When this topic was given to me a few months ago, I thought writing about a vital life would be very easy. After all, as a medical professional, when we talk about vitals we are speaking of blood pressure and a pulse. Having a blood pressure and a pulse doesn’t necessarily mean you’re living a vital life. 

I think the first thing I realized is that people probably define joy and vitality differently. So, let me try to explain what it truly means to me. 

When I was growing up, my father went to work every day to provide for my mother and me. Mom kept the house, made dinner, washed clothes, and never worked outside the home. So maybe it wouldn’t come as a surprise that my father felt I would do the same. I would marry a good man who would provide while I manage the home, hearth, and kids. My father felt strongly that I didn’t need higher education. 

I did marry well and we had two beautiful children. All was going according to my father’s plan until I realized that something was missing. I felt that I hadn’t yet completed “me”. While I loved being a wife and mother, I felt that I wasn’t living up to my full potential. There had to be more. I didn’t know how to think outside of the box. I was doing what others expected of me and nothing more. I needed to change that. I set out on a path of self‐discovery. That path of self‐discovery was attained through education. I went on to complete my Bachelor’s degree where I learned of my interest and skills in Biology. To build upon those skills, I entered into podiatric medical school. At the age of 42, I graduated as a Doctor of Podiatric Medicine. Those short sentences don’t begin to sum up the journey. It was not always easy. It was incredibly hard for me to step out of my comfort zone, remove the blinders, learn about myself, and focus on attaining my full potential. I had my husband and children in my corner the whole entire time.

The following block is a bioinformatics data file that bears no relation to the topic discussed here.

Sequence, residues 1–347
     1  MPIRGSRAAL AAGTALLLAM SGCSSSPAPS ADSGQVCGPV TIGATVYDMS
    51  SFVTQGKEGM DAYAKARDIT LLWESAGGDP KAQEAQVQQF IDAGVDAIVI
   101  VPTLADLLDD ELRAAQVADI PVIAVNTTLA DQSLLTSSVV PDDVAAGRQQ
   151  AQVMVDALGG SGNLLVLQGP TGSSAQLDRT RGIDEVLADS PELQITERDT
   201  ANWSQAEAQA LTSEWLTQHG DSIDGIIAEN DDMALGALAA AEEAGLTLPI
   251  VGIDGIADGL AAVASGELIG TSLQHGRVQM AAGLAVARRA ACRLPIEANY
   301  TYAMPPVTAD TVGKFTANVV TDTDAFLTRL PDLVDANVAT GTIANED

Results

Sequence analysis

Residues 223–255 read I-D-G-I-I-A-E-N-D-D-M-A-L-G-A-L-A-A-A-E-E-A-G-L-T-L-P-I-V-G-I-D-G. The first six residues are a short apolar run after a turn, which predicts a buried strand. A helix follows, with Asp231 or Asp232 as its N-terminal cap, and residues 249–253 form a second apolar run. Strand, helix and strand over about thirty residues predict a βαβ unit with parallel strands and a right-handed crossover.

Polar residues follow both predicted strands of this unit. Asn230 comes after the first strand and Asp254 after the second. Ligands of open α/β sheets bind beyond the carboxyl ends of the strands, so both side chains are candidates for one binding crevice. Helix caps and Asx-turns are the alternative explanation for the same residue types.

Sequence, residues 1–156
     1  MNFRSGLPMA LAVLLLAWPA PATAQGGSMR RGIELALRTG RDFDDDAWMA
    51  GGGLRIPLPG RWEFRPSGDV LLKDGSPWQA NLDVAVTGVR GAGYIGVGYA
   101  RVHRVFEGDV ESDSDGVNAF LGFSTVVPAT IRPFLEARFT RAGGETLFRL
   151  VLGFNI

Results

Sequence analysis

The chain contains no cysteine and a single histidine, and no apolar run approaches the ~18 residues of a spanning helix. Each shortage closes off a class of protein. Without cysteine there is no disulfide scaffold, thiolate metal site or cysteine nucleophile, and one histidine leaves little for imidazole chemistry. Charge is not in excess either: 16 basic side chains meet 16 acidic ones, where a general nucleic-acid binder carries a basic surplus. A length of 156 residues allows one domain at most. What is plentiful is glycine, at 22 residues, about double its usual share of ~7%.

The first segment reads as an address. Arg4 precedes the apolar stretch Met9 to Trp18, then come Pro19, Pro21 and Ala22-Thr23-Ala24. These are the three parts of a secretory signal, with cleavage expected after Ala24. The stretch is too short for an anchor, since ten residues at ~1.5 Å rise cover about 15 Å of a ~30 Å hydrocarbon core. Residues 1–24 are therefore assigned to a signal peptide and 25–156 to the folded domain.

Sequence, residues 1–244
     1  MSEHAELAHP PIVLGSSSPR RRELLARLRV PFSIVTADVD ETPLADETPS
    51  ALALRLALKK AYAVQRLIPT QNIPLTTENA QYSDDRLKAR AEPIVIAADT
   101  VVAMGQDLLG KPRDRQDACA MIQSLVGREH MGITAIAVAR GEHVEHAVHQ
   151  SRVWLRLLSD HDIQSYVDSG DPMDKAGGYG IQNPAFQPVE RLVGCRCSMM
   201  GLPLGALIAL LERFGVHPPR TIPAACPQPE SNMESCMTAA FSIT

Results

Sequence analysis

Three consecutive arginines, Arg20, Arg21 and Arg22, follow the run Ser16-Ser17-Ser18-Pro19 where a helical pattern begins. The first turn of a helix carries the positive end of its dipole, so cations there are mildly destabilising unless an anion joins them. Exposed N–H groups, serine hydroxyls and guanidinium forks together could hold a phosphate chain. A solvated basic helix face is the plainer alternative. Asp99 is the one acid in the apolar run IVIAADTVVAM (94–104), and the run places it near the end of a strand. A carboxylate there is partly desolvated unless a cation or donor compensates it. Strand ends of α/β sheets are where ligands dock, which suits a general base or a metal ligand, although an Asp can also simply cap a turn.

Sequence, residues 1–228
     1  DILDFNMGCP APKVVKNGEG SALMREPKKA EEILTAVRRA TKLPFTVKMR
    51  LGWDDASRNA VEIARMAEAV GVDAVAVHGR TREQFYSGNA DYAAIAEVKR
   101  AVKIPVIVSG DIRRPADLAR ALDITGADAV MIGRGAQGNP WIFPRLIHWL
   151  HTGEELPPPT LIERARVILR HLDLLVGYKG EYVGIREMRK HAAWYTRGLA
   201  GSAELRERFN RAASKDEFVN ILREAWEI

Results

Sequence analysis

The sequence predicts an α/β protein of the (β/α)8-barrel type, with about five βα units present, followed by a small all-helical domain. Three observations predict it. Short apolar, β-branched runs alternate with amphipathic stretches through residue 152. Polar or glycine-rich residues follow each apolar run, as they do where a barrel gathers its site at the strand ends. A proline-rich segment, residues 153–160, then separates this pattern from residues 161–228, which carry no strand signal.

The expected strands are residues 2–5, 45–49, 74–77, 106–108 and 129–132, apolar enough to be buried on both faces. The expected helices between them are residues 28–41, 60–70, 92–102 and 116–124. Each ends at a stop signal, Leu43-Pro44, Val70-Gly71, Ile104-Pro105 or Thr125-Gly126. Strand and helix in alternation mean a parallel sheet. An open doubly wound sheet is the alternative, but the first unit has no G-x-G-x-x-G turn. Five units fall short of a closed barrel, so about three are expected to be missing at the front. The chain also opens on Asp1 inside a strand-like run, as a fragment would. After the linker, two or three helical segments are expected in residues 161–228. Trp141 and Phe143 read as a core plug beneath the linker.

My education has provided a venue to touch the lives of others. Every day I know I have the ability to make a difference in someone’s life. It’s more than just the medical knowledge to deal with their podiatric issue. It’s knowing that I can make a patient smile who just lost his wife of 50 years. It’s listening to my patient’s stories and laughing along with them. It’s leaving a little bit of me with them. That brings me joy. 

We ALL make a difference in someone’s life. In every encounter we have, we leave something of ourselves with someone else. We need to make the choice to make it a positive and joyful encounter. 

A path to a joyful and vital life begins with learning about yourself and removing the blinders imposed by others. Through this mindful self‐discovery, you can begin to make a positive impact. I think that joy is personal. Joy lingers in your heart. We spark joy when we give of ourselves whether it be in our careers or in our family life. 

Life is dynamic. Be sure to show up! Along the way, we can choose to just be observers or participants. Sometimes we need to step out of our comfort zone and try new things whether it be professionally or personally. We may fail but there will also be great successes. That’s what is meant by vitality! 

Live your best, vital life and be mindful of the joyous moments along the way!